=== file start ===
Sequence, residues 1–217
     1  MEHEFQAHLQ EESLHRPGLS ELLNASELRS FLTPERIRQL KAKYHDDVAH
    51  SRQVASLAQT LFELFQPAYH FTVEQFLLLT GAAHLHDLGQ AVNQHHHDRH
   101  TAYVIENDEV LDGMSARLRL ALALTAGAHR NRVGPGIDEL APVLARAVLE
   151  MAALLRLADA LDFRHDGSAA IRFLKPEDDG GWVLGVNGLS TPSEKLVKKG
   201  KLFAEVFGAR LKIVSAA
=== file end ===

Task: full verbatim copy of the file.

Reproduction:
Sequence, residues 1–217
     1  MEHEFQAHLQ EESLHRPGLS ELLNASELRS FLTPERIRQL KAKYHDDVAH
    51  SRQVASLAQT LFELFQPAYH FTVEQFLLLT GAAHLHDLGQ AVNQHHHDRH
   101  TAYVIENDEV LDGMSARLRL ALALTAGAHR NRVGPGIDEL APVLARAVLE
   151  MAALLRLADA LDFRHDGSAA IRFLKPEDDG GWVLGVNGLS TPSEKLVKKG
   201  KLFAEVFGAR LKIVSAA